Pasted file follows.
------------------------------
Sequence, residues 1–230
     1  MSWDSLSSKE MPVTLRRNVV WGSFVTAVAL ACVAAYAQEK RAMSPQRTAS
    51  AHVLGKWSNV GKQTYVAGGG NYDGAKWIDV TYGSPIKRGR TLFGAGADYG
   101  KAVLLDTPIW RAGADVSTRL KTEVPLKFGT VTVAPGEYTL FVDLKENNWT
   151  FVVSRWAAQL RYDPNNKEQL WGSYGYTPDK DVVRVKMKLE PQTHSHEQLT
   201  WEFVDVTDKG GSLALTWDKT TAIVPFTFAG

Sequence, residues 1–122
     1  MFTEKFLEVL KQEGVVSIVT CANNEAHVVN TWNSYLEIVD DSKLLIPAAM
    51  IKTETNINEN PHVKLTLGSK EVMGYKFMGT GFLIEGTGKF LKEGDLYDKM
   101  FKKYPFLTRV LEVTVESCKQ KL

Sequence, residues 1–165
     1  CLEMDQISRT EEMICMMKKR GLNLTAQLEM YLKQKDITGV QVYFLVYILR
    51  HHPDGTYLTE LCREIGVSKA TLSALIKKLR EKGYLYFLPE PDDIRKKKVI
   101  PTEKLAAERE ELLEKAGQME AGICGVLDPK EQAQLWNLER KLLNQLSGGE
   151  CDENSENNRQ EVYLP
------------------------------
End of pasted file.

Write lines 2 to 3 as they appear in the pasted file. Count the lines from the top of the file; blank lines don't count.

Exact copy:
     1  MSWDSLSSKE MPVTLRRNVV WGSFVTAVAL ACVAAYAQEK RAMSPQRTAS
    51  AHVLGKWSNV GKQTYVAGGG NYDGAKWIDV TYGSPIKRGR TLFGAGADYG